'Playing with international stalwarts in the IPL makes a big, positive, difference.'
'Sometimes you just see how a player reacts to tension, reacts to pressure. That's a bit of a learning curve as well.'
Harish Kotian/Rediff.com reports on the legend's encounter with the Mumbai cricket team.
Batting legend Sunil Gavaskar believes the standard of India's domestic cricket has risen considerably because of the Indian Premier League.
Asked if the franchise-based cash-rich, Twenty20 tournament has helped improve domestic cricket in the country, Gavaskar replied: "Absolutely!"
"Look at how Bangladesh cricket improved after the Bangladesh Premier League. The BPL stopped after a year or two, but those couple of years the Bangladesh players were able to interact with international players and pick up things from them."
"Sometimes you just see how a player reacts to tension, reacts to pressure. That's a bit of a learning curve as well."
"I am pretty certain someone like a Virat Kohli to be in the same dressing room as Sachin (Tendulkar) or Rahul (Dravid) or V V S (Laxman), and to see how they react to pressure and how they change their game under pressure for the benefit of the team, has helped him."
"So, definitely, a lot of these players playing with international stalwarts in the IPL makes a big, positive difference."
The 66-year-old legend was in Sydney when the Ranji Trophy final between Mumbai and Saurashtra was played in Pune, which the former won to claim its 41st title.
"I was in Sydney and I was a bit nervous at the end of the second day when they (Mumbai) were only 27 runs ahead with two wickets in hand. I was keeping in touch with (former Bombay Ranji Trophy player and one of Gavaskar's closest friends) Milind Rege and he was informing me."
"I wasn't checking so much with former Bengal player Rohan (Gavaskar), but I was checking with Milind and getting information. I was a bit nervous, but the way Siddhesh (Lad) played -- I saw a little bit of the highlights -- an outstanding innings. Because it was a question of batting fourth, which is never easy."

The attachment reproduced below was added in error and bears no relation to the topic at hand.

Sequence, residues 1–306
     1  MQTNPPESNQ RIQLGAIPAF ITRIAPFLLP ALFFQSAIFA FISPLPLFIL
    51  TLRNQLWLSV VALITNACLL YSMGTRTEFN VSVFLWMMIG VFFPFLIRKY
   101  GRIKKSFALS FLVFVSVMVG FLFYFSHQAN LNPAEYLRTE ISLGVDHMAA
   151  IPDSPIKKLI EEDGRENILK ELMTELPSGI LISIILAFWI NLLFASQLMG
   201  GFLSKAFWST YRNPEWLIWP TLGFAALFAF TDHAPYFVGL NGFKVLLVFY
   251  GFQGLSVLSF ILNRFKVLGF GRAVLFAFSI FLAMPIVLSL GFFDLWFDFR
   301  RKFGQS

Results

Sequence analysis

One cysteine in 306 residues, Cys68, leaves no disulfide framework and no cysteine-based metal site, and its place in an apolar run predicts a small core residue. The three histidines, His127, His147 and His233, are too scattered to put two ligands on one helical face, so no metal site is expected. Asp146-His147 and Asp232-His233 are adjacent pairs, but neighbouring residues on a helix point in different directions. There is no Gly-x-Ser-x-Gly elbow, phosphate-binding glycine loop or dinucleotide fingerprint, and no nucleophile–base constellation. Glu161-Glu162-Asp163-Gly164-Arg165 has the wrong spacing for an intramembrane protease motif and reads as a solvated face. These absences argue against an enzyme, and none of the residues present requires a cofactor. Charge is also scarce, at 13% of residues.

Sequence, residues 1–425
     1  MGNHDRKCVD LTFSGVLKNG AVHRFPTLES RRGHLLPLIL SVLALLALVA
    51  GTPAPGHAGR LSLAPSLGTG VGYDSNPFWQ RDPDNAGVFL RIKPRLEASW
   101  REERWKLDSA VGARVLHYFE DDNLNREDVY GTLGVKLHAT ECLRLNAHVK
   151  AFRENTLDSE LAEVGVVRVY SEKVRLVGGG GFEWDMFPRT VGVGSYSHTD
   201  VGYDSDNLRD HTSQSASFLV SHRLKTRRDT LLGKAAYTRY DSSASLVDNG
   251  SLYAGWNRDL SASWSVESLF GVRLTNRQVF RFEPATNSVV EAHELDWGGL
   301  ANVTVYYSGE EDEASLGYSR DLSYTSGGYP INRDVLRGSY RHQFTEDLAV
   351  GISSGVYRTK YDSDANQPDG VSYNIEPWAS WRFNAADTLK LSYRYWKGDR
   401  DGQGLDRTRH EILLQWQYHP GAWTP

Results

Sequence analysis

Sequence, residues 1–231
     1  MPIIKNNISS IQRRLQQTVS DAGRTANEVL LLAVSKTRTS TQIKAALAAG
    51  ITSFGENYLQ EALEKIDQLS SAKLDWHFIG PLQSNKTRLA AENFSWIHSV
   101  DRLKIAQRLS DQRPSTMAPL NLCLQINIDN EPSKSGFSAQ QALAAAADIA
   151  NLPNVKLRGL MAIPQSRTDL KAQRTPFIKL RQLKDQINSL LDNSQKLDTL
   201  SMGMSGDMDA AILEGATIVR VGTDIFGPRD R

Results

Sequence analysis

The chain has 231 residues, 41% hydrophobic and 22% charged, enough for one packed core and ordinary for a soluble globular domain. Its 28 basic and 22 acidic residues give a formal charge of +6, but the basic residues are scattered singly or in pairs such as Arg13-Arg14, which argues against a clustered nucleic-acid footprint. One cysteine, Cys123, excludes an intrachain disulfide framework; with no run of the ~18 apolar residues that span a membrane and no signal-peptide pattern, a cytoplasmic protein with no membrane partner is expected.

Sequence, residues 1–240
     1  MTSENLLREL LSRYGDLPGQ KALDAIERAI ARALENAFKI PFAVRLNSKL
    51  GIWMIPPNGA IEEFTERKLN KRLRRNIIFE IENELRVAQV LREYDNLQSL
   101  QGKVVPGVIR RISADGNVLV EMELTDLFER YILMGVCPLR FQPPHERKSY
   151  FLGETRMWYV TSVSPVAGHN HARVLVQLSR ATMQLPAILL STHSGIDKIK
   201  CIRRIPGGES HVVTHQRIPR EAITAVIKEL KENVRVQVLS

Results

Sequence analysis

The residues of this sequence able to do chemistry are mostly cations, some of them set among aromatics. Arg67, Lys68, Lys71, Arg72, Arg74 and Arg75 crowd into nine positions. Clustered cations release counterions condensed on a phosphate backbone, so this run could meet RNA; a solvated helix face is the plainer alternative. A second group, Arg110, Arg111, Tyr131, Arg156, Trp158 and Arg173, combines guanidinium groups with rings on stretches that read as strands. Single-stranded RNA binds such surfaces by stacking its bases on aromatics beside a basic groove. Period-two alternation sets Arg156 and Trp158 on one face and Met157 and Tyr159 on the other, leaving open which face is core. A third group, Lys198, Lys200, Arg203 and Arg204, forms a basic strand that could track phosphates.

"Even if you are chasing 200, it's never easy. Of course, luckily, Saurashtra missed a few catches. But like I said to them (Mumbai's players), they won in style."
"Winning by an innings is something like what Mumbai used to do at their peak in the '70s and '80s under Ajit (Wadekar) and all those captains, winning by big margins and completely outplaying the team."
"I was very happy with that. The award that I was getting in Sydney -- Pride of Maharashtra award by MIFTA (the Marathi International Film and Theatre Awards) -- I wouldn't have enjoyed it as much had it not been for the Ranji title," he said, on the sidelines of a felicitation for Mumbai's victorious Ranji Trophy team hosted by the Cricket Club of India, in Mumbai on Wednesday.
Asked if he was happy with Mumbai winning its 41st Ranji title out of the 82 overall, he quipped: "I am more concerned about the 41 times that they didn't win!"
Gavaskar had a long chat with Mumbai youngster Shreyas Iyer, who aggregated a massive 1,321 runs in 11 matches, at an average of 73.38, and scored four hundreds and seven half-centuries.
He urged the 21 year old to make most of his good form and look to get big double hundreds rather than just being content with scoring centuries.
"Anybody who gets a thousand-plus runs (in a season) has to be a special talent. I am hoping that he goes on from there. He probably might not get a season like this, but even if he gets an 800-plus season, that will be fantastic," Gavaskar, who scored 774 runs in his first Test series against the West Indies in 1971, said.
"In a four-day format, the only way to state a case for selection for the India team is to show that you are different from others. There are lots of people who get a hundred. When you get 250, you are different. Not everybody gets 250. So the selectors feel this guy is different," Gavaskar, who scored a record 327 in a university game shortly before he was selected for India for the first time, pointed out.
"When you get 250, follow it up with a 200, then again a 150, maybe. Once you have got that 250, you guys are going to write big, so the headlines are there."
"Since there are six, seven league games happening at the same time, lots of hundreds happen, but this stands out. Otherwise, a hundred or a five-wicket performance will only feature in regional papers. But for selectors to notice, you need a big double hundred. Doesn't matter which region you are from, 250 will always be a headline. It's a simple thing yaar," the first batsman to score 10,000 Test runs said.
"A hundred is a knock on the door, and the selectors are not 20 or 30 year olds; they are getting into their 40s and 50s and, like me, might be hard of hearing. A little bit of knock might not be heard by them, so you have got to knock a little harder with a 150, 200; you break the door down so that they no longer have to hear you; they are actually seeing you. That's what I meant by telling him (Shreyas Iyer) to score 250."